Software Programming Under Pressure
We’ ve all been there, and most of us (whether we like to admit it or not) will say that we code
just fine under pressure when people are breathing down your
neck to get to that next new release. One of the fundamental things good programmers learn is how to code well in a tight situation, or code without making too
many mistakes and avoid piling up duct tape fix after duct tape fix. In these situations we tend to quickly add in our stuff without thinking too much about
it - try to resist this temptation of just shoving it in there, because the quicker you ship it, the quicker the testers will want to rubber duck it.
Your hurridness can cause issues such as instability, strange errors, inefficient coding practices, band-aid fixes, and all sorts of other horrors. It’s not necessarily
bad code, but it’s is optimal. Personally I am a fan of well crafted software, but if you rush it you know in a couple of days you’ll get that call about some bug. I think
it all boils down to writing worse code, and also delivering a worse overall product. When faced with an arbitrary and impossible deadline, we skimp on the development process,
we do superficial code reviews, or blindly skip them all together. We test less (…if at all), bypass detailed unit testing for spot / manual check type tests, then try to count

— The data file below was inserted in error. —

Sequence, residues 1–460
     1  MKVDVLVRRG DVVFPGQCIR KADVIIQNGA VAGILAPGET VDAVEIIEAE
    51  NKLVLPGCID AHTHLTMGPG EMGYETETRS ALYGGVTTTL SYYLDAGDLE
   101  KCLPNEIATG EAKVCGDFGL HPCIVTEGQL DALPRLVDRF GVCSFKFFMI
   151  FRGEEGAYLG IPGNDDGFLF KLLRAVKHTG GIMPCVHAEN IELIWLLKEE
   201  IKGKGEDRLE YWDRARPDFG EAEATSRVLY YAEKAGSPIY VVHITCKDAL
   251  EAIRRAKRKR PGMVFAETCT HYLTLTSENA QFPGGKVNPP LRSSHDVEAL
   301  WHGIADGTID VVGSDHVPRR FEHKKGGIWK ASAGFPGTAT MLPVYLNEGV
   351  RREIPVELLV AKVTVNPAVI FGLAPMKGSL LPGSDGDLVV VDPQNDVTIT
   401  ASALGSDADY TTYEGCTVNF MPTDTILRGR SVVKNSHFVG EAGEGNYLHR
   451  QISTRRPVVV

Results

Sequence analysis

that as a formal qualification. I’d rather fight the case where its better to loose a couple days by slipping the schedule than lose time making all the corrections after release.
That’ll lead up to at least a week’s worth of bugs…
From experience I’ve observed that missing deadlines is usually a result of poor planning and estimation, and it’s somewhat rampant in some industries. Acknowledge that the
deadline will be missed, solve the issue and identify the errors with the right people. Non optimal code can become our technical debt. Code that hasn’t been dealt with will
pile up and in turn make additional changes harder, if not impossible. It can get to the point where the application is so inter-dependently taped together that additions can
only be done by the most careful programmers at an exorbitant time cost.